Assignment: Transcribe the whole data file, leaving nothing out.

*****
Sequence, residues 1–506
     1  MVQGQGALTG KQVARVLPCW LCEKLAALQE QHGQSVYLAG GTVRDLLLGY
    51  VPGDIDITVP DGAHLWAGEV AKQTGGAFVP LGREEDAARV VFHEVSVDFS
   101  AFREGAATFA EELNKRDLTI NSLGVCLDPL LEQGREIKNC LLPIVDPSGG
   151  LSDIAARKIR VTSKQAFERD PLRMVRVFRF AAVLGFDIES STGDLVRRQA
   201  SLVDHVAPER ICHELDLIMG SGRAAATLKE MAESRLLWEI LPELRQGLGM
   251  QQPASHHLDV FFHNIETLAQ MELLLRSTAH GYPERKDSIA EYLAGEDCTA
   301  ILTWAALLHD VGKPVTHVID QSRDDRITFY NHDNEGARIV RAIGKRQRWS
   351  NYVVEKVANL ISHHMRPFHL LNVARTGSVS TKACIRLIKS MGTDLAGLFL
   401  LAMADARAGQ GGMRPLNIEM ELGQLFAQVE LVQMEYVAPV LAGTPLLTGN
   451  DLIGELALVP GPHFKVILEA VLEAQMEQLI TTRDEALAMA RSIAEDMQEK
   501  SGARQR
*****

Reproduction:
Sequence, residues 1–506
     1  MVQGQGALTG KQVARVLPCW LCEKLAALQE QHGQSVYLAG GTVRDLLLGY
    51  VPGDIDITVP DGAHLWAGEV AKQTGGAFVP LGREEDAARV VFHEVSVDFS
   101  AFREGAATFA EELNKRDLTI NSLGVCLDPL LEQGREIKNC LLPIVDPSGG
   151  LSDIAARKIR VTSKQAFERD PLRMVRVFRF AAVLGFDIES STGDLVRRQA
   201  SLVDHVAPER ICHELDLIMG SGRAAATLKE MAESRLLWEI LPELRQGLGM
   251  QQPASHHLDV FFHNIETLAQ MELLLRSTAH GYPERKDSIA EYLAGEDCTA
   301  ILTWAALLHD VGKPVTHVID QSRDDRITFY NHDNEGARIV RAIGKRQRWS
   351  NYVVEKVANL ISHHMRPFHL LNVARTGSVS TKACIRLIKS MGTDLAGLFL
   401  LAMADARAGQ GGMRPLNIEM ELGQLFAQVE LVQMEYVAPV LAGTPLLTGN
   451  DLIGELALVP GPHFKVILEA VLEAQMEQLI TTRDEALAMA RSIAEDMQEK
   501  SGARQR